“Every time you drink a glass of milk or eat a piece of cheese, you harm a mother. Please go vegan.” ― Gary L Francione

The people who refrain from using all types of animal products and the products that are tested on animals are called vegans. Many people mistake vegans for vegetarians, who only avoid meat in their diet.

The term “vegan” was coined back in 1944 by Donald Watson. He chose the word from the first three and last two letters of vegetarian, as it was “the beginning and end of vegetarian.” 

The Philosophy Of Veganism

why to go vegan
Image by Mittmac from Pixabay

The Vegan Society defines veganism as:

“A philosophy and way of life that seeks to exclude – as much as possible – any form of exploitation and cruelty to animals, whether for food, clothing, or any other purpose, and by extension, promote the development and use of alternatives without animal exploitation, for the benefit of humans, animals, and the environment”

From a philosophical point of view, veganism is about not seeing animals as commodities, but rather as individuals that co-exist with humans. It is about simply respecting the existence of non-human animals and liberating them from the suffering they have to go through to fulfill human desires. You might be wondering what is the need to go vegan? What’s wrong with using animal products? Why do we need to see animals as anything but commodities? Let us take a look at the reasons why people go vegan:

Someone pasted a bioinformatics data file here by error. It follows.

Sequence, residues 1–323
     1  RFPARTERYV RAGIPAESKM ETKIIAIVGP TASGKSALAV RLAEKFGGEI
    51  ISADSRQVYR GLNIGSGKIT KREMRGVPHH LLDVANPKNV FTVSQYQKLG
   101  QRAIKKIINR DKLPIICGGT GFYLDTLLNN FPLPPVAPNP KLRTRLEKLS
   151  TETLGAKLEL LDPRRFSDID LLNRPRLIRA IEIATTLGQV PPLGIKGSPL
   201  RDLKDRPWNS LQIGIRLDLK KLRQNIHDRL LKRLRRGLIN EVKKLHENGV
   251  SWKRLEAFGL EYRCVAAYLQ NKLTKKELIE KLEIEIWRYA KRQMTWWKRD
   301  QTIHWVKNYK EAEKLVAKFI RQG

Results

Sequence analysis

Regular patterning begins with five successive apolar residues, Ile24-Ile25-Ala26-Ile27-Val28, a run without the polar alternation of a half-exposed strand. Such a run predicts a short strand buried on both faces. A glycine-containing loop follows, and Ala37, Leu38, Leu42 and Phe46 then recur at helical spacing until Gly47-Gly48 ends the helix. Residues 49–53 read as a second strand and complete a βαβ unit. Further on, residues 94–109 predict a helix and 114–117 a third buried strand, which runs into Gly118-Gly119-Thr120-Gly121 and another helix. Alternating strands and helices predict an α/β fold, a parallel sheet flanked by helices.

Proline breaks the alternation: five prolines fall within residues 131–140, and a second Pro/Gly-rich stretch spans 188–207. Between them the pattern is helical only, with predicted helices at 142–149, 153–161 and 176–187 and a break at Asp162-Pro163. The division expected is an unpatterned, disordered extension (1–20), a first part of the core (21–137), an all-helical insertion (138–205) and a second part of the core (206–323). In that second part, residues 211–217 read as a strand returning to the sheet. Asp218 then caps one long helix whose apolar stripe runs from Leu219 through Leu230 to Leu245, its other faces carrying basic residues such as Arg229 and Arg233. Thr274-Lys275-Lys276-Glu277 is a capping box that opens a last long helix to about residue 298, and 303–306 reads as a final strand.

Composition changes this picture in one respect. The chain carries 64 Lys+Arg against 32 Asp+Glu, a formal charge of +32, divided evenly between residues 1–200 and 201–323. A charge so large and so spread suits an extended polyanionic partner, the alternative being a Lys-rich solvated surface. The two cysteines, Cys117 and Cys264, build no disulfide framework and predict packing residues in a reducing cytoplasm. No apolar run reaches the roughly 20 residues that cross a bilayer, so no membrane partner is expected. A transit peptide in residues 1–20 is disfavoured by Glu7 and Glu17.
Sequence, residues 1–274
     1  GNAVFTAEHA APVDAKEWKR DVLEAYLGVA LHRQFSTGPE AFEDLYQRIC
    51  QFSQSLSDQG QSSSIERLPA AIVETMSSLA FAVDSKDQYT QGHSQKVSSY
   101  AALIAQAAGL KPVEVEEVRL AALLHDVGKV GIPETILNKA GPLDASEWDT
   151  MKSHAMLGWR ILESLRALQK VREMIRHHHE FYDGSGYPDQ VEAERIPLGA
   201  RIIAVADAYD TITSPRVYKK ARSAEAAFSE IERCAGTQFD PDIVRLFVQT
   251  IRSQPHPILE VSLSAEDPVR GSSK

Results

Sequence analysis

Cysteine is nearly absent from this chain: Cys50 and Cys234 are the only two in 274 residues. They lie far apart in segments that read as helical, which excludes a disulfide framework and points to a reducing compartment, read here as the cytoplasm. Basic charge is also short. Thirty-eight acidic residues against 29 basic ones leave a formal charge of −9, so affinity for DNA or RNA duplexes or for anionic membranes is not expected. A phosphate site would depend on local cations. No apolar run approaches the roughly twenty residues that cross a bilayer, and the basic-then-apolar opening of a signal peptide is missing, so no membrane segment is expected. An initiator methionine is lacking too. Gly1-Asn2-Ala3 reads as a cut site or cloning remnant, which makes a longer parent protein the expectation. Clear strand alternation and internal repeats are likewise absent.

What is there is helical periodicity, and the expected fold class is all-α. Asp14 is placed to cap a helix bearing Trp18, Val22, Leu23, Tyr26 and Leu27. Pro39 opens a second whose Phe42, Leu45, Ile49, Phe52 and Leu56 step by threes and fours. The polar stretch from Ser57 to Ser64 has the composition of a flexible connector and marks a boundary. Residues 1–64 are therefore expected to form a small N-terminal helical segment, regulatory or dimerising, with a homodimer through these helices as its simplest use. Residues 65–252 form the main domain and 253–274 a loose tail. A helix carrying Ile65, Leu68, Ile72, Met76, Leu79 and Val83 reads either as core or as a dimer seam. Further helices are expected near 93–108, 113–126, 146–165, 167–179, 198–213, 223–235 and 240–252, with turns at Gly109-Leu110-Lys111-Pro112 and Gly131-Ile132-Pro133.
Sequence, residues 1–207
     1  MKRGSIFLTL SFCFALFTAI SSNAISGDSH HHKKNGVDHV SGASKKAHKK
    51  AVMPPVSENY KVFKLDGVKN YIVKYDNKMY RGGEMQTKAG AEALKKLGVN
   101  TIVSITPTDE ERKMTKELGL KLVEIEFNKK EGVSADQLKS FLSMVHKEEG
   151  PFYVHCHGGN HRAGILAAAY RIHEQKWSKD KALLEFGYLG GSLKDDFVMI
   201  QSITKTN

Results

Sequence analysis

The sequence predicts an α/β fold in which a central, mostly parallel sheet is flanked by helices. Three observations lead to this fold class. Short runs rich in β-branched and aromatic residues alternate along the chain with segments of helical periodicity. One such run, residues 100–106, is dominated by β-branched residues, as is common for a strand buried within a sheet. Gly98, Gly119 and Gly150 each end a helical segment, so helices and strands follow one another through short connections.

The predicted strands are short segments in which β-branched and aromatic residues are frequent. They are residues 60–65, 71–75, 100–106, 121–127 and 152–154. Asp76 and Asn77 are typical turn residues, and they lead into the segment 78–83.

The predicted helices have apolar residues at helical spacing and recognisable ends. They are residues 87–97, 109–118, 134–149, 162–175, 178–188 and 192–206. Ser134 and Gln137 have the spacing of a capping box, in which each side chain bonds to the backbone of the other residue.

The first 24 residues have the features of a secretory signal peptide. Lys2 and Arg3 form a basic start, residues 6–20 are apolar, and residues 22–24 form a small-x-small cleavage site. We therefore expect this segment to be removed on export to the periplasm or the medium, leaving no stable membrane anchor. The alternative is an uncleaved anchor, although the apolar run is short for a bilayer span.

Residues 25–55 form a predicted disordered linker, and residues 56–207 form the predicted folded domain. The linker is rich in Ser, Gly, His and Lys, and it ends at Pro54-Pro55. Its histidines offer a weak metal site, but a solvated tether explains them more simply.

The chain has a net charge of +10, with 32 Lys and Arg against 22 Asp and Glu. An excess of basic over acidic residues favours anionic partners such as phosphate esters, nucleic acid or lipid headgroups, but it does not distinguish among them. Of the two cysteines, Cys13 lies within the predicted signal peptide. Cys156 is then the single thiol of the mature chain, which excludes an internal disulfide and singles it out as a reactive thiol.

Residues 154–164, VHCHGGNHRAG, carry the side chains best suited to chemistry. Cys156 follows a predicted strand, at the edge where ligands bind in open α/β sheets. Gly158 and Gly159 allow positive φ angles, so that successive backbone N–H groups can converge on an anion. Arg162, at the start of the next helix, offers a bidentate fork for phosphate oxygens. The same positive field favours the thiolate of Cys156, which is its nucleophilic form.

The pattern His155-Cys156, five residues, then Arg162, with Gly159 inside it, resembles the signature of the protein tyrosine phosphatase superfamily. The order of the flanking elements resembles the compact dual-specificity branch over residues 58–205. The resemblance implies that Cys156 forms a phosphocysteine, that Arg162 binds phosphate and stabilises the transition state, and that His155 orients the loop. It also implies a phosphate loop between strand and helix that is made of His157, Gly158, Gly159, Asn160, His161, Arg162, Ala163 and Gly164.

Reasons To Go Vegan


vegan ethics
Image by Gordon Johnson from Pixabay

Most people go vegan for the animals. They support animal rights. As we all are aware that animals are used by us in almost every sector from farming to sports and entertainment. But have we ever asked ourselves what the life of an animal at the factory farms be like?

Animals have to go through insane suffering to fulfill human needs and desires. The unethical practices at the factory farms are artificial insemination, dehorning, tail docking, castration, etc. Animals raised for food are kept in small cages and sent to slaughter in a quarter of their natural life span. The mental and physical health of these animals is adversely affected. 

The animals used to carry loads and people at the tourist spots are often beaten up to keep them in check. They are forced to carry heavy loads, causing pain and discomfort.